Cross-examined. That is the ordinary charge under the Police Act for the 40s. penalty—it was the only charge against him at that time; it was not turned into maliciously wounding when Mr. Felton came down the same night—Mr. King did not say that he should not have said any-thing about it but for the prisoner trying to get away—I did not see a gentleman leading a horse—the prisoner gave his name and address, and was allowed to go.
Witnesses for the Defence.
ALFRED BAILEY THORNTON , M. K. O. S. and F. B. C. P. I am one of the medical officers of the City of London and consulting physician to the Law Clerks Society—I have had over 20 years' experience—I was sent for to-day for the purpose of looking at Mr. King—if erysipelas had set in at any time after 9th May it would not be likely that I should find traces of it; there are not any distinct traces of it; the wound is practically healed; I only find that one scar on the head—I should say that therewas no necessity for his head being enveloped in that bandage—there is a trace of a wound under the right knee, but it has healed; scalp wounds bleed very much—Ishould say he would be able to work soon as a wholesale druggist-going to a public-house isnot an advisable thing for him—I have not been asked to examine the young lady.
Cross-examined. I should want to know something more of the history of the case before saying that he is able to go to business.
ALFRED BOLTON , M. E. C. S. On 7th May I went down by this train to Epping Forest; it got in about 4 o'clock, and I went up the hill towards the Forest Hotel—I recognise the defendant, who was on horseback, as having seen him—I did not know hisname; he was alone—he came behind me, and when I turned round he was going at a veryslow trot—I saw a woman walking on the road; she seemed rather excited, and moved right in front of the horse; that is her, I think. (Miss King)—I think the defendant was going straight; she cannoned against the horse and fell—I heard cries; I think it was "Look out," about the same time—I afterwards saw Mr. King holding the reins—I just looked at him to see if there was anything urgent, and also at Miss King; she did not complain of any injury; she seemed in a fainting condition—from what I
saw I think it was quite impossible that the prisoner could have drawn his horse aside and avoided the collision.
Crose-examined. The road was rather crowded—I don't think there was any footway—I was in the main road, walking on what correspond to the footway; the road was crowded—the defendant was about four yards from me when he passed me on my right; he was going at a very slow trot—the accident occurred about a yard behind me on my right—I turned round and saw the woman falling—the people were going along in a stream—she was excited because somebody shouted "Look out"—I did not see Mr. King knocked down, nor did I see hishead bleeding afterwards; I did not look—I saw no blood—he had his hat on.
Re-examined. I heard the horse, turned, and saw the woman leave the line in which she had been walking and go against the horse.
JOHN OSBALDISTON HUNT . I carry on business with my uncle at 66, Leman Street, Whitechapel—on Sunday, 27th May, I went down to Chingford, and when I had got 300 or 400 yards from the station near to Epping Forest, with grassland on the right-hand side, I heard the tramp of a horse behind me, looked round, and saw the defendant and one or two others riding—I saw Mr. and Miss King run from the side of the road on which they had been walking to the side I was, right in front of the horse, and were knocked over; he jumped up and ran to the horse's head, calling out "Give me your name and address"—the horse was going between five and six miles an hour—if Mr. King and his daughter had walked straight the accident would not have happened—I know nothing of the defendant or his brother—I did not see him jeer or laugh—I waited three or four minutes, and I then went for a policeman.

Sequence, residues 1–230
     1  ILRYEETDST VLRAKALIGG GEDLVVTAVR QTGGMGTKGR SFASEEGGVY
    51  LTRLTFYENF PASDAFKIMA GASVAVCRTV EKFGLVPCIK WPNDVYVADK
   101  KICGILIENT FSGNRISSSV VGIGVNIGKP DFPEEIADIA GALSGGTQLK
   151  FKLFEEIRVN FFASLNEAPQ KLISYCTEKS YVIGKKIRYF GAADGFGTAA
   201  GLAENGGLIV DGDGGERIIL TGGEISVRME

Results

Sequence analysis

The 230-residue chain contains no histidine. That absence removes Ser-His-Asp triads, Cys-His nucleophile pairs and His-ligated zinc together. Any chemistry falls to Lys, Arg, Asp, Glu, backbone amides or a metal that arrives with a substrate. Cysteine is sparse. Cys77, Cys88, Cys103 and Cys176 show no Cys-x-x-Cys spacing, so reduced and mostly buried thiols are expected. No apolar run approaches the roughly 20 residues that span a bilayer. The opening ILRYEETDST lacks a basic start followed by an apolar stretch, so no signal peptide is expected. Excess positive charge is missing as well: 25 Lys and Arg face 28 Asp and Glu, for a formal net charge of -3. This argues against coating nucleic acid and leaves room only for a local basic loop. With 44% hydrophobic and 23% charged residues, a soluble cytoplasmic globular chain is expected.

Cross-examined. I heard horses' hoofs, turned round, and saw the three horses in the middle of the road nearly even with me on the other Bide of the way—I do not suggest that Mr. King walked under the horses' feet, but they were rather nervous—I was not nervous; hearinghorses behind them they would naturally try to get out of the way—I can walk four miles an hour if I try—Mr. King had a baby in his arms—he was on the ground for a couple of seconds—I saw him get up; he took off his hat and showed that his head was bleeding—the horse was already stopped—I saw the young woman knocked down; I helped to pick her up directly Mr. King was knocked down—he gave the baby into somebody's charge as he ran to the horse's head.
Re-examined. Some scores of people were on the road before others had got out of the carriages—there was ample room on the footway and grass for them to walk.
WILLIAM JAMES . I live at 2, Hanover Road, Leyton, and let horses in Epping Forest—on Sunday, 7th May, I saw the defendant and his friend, on horseback on the left side of the road going to the hotel—I was on the same side, leaning against a tree—I noticed Mr. King and his daughter—I saw a struggle in the road—the horse was going at the rate of four or five miles an hour—I have been used to horses all my life, and am a very good judge of pace—the old gentleman ran on one side and ran back again; his daughter ran at the horse; they both ran in the horse's way, if they had not he would have cleared them—if they had gone straight the horse would not have touched them—from what I saw, it was impossible for the defendant to have avoided the accident, because they ran in his way.
Cross-examined. A number of people were coming along, but they had